Honestly? It’s okay to want to be alone.
Webcomics aren’t a novelty. Nor are they this up-and-coming thing I “have to tell you about.” They are part of the cultural pantheon, the nerdy landscape—launching successful careers, conventions, and memes that have adorned everything from t-shirts to energy drinks. But sometimes, even when a comics genre is known,…
“Loss” is one of the modern internet’s most pervasive, and most strange, memes. Now, it’s, uh, a little different.
Webcomic Name is one of my favorite ongoing gag comics. Despite the core repetiveness of its premise, it’s earnest and deadpan in a way that’s consistently charming. Alex Norris weaves in a goofy, self-deprecating vulnerability to ever comic. Now, you can make your own!
A year back, we spotlighted the excellently spooky work of artist Brian Coldrick, creator of webcomic Behind You. Now, his illustrations have been compiled into a book from IDW, titled Behind You: One-Shot Horror Stories. We’ve got a peek at some of the gorgeously-rendered nightmares within.
This month, wildfires tore through Northern California. As of the most recent estimates, they have killed 42 people and destroyed 8,400 structures, including many privates residences. In A Fire Story, Brian Fies uses a diary comic to tell the story of just one of those homes: his.
This week, the Library of Congress is launching a free, online archive of webcomics collected from across the internet meant to highlight the medium’s contribution to the arts and modern American culture.
For the past two years, Montreal-based artist Sophie Labelle has published Assigned Male, a webcomic about an 11-year-old transgender girl named Stephanie who is in earliest stages of transitioning and coming out to the people around her. While Labelle’s work has been noted in the queer webcomics community for its…
Artist Brian Coldrick’s series Behind You is an ongoing look at the very common fear that someone is lurking just out of your field of vision—perhaps prepping to do something not very nice. Equal parts funny, whimsical, and absolutely terrifying, the drawings make for excellent pre-Halloween browsing.
If you enjoy stories about children going off on epic adventures (and enjoy poking fun at them even more), you should do yourself a favor and check out Gigi D.G.’s webcomic Cucumber Quest. And soon, you’ll be able to read the story in print.
We’ve seen a lot of webcomics loosely inspired by fairy tales, but Megan Kearney does something a little different with her Beauty and the Beast. She goes back to the classic tellings of the story, and gives both leads richer and stranger backstories.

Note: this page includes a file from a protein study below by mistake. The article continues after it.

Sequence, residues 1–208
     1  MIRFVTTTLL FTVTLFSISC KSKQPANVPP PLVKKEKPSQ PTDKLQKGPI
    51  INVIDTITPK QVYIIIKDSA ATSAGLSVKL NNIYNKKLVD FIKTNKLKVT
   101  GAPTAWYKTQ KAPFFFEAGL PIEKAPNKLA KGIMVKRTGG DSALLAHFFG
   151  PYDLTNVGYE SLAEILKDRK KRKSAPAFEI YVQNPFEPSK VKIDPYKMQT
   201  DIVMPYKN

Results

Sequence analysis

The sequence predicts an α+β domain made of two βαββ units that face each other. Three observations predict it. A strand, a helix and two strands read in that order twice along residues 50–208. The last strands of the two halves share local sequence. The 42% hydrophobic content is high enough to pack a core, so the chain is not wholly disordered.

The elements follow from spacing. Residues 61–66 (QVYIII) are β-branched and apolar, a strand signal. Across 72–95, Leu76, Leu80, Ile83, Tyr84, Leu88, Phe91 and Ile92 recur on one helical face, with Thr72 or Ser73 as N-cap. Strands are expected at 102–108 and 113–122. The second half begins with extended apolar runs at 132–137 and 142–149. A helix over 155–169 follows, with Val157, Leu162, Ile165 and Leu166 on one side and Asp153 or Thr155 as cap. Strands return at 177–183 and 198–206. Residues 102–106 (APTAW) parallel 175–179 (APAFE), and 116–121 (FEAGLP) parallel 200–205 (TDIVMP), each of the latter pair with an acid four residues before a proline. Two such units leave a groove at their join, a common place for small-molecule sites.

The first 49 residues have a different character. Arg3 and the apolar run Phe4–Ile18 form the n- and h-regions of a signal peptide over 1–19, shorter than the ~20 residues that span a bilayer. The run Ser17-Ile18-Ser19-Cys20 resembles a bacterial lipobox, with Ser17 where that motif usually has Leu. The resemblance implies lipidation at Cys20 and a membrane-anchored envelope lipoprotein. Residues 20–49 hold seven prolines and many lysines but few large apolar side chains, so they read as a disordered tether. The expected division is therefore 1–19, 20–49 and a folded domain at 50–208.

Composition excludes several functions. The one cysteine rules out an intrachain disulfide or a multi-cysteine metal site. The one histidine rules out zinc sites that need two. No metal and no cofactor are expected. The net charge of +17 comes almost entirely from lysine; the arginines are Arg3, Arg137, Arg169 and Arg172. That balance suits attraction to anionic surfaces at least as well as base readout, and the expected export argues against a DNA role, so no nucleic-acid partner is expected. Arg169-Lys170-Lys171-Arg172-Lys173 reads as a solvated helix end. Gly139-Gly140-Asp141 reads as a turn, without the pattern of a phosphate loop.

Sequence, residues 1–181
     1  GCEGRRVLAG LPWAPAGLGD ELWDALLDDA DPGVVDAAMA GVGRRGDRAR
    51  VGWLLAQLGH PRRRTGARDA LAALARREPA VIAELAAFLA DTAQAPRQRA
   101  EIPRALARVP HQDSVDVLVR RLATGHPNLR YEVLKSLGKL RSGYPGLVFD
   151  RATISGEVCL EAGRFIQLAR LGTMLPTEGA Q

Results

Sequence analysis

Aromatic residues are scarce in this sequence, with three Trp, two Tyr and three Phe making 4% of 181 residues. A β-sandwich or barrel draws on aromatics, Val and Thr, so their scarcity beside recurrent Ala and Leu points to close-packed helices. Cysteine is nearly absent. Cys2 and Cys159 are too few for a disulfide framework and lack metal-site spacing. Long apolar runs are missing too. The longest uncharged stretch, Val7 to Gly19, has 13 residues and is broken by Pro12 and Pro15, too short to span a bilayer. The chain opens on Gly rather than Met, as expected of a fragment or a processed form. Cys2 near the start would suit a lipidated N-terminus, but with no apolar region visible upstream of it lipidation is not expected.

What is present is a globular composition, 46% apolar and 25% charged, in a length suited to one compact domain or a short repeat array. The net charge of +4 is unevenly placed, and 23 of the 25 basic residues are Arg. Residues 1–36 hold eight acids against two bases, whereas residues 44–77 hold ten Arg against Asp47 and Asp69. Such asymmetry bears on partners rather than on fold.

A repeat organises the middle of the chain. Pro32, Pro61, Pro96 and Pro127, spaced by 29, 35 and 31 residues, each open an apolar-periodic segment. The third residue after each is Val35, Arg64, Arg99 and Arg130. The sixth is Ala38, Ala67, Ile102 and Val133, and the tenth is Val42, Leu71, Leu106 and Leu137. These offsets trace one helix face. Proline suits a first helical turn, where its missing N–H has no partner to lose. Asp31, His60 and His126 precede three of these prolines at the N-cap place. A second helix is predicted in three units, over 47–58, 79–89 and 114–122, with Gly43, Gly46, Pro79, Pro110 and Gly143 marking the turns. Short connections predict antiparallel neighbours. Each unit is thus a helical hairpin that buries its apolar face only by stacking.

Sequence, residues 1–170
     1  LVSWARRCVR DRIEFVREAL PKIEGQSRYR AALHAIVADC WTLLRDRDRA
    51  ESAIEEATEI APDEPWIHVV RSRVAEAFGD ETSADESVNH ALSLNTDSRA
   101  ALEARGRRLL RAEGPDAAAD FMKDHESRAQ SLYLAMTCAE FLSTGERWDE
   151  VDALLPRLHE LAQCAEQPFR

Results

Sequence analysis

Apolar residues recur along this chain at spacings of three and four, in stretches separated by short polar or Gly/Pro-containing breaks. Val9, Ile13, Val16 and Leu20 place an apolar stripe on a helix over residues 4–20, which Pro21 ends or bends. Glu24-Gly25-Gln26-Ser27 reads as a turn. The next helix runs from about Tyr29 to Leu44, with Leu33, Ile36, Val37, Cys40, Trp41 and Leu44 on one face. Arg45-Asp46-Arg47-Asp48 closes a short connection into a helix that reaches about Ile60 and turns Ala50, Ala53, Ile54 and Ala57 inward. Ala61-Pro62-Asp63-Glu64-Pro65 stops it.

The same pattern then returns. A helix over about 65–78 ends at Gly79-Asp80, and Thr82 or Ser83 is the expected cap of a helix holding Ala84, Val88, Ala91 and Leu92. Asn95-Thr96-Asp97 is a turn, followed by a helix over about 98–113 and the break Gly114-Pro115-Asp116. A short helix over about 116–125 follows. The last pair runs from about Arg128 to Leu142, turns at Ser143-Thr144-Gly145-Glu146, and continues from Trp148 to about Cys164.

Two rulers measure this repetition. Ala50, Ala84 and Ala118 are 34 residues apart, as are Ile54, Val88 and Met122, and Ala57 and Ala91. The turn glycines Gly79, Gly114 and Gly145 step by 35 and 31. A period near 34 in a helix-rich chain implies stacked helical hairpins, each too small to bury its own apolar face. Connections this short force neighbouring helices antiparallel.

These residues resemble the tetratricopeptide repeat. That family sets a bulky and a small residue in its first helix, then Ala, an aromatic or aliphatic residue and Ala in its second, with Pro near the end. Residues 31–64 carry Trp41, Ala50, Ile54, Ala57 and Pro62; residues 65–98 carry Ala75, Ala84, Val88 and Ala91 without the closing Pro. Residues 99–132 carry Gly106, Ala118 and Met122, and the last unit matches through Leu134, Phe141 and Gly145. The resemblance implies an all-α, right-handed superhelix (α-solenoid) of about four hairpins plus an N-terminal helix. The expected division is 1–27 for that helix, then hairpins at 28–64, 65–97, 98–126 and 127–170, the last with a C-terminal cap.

Mary Cagle’s latest webcomic, Sleepless Domain, is set in a city that’s invaded by monsters every night, and protected by Magical Girls. But one group, Team Alchemical, is having some interpersonal issues, which can get dangerous during those nightly battles.
Artist Floccinaucinihilipilification is probably best known for her comics showing Harry Potter’s Dumbledore at his most absurdly irresponsible. When she isn’t skewering Hogwarts, she can sometimes draws a pair of goofy dragons who happen to be the best of bros.
Cartoonist Lee Gatlin regularly posts hilarious comics on his Tumblr, including a series of comics where Freud listens to the emotional woes of various fictional creatures, including superheroes, monsters, and even Satan himself. Sometimes, introspection is just funny.
In Taylor Robin’s webcomic Never Satisfied, there is one plum job that every young magician wants: to be their city’s magical representative to the king. But in this year’s crop, one competitor has managed to stay in the running without using any magic. What gives?
Kate Beaton is currently on tour for her latest book, King Baby, a tour that is taking her to a lot of schools and putting her in contact with many hilarious children. Fortunately for us, she has been documenting her book tour encounters in comic form.
When Farah, star of the webcomic Shattered Starlight, was younger, she was able to deal with her problems by hitting them with her magical hockey stick. That’s because she was a magical girl, a defender of Montreal. But now that she’s older, she has to deal with crappy jobs and crappier bosses. And that might be the…
Since 2013, David Gallaher and Steve Ellis have been charting the adventures of Erik Farrell, the sole human on a mysterious planet, in their all-ages scifi webcomic The Only Living Boy. Now, the series is getting its first ever print release next week—and io9 has a preview!
Over at Bird and Moon, naturalist Rosemary Mosco has created a small booklist of field guides that will never exist. But we wish they did!